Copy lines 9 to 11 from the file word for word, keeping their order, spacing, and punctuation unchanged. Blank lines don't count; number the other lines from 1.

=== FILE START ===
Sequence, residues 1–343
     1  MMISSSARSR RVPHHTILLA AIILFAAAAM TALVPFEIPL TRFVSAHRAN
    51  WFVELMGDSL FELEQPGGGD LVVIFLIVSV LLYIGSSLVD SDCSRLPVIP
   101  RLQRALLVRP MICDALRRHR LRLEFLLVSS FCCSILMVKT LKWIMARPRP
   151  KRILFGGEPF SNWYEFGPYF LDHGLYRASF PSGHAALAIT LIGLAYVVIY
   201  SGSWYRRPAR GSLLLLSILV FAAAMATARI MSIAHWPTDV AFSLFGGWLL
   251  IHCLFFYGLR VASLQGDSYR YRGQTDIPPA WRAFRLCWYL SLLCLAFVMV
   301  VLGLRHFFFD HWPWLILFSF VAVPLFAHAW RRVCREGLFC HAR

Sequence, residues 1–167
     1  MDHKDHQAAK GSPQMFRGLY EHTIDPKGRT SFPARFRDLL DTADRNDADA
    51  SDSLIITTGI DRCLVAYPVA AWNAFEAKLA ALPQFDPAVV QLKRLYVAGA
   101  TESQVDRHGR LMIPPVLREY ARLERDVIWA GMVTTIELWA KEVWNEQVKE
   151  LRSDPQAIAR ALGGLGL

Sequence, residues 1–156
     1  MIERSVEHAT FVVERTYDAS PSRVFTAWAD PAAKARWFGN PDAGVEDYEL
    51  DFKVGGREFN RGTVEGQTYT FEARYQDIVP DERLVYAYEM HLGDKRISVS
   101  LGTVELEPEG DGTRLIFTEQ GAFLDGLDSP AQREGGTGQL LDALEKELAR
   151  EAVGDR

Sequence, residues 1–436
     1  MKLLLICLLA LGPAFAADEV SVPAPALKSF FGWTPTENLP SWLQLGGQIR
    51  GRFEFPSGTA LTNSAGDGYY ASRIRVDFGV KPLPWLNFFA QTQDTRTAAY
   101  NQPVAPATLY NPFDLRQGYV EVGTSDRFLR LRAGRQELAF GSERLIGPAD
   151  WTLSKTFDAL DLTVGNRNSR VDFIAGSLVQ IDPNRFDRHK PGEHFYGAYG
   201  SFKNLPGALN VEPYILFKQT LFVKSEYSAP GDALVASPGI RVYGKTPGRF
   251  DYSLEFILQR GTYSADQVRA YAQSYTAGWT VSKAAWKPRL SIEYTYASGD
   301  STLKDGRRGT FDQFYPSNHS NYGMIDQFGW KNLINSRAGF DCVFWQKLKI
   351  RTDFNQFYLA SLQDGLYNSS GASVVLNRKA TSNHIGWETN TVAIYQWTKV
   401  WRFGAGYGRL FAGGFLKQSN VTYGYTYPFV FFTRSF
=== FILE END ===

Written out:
Sequence, residues 1–167
     1  MDHKDHQAAK GSPQMFRGLY EHTIDPKGRT SFPARFRDLL DTADRNDADA
    51  SDSLIITTGI DRCLVAYPVA AWNAFEAKLA ALPQFDPAVV QLKRLYVAGA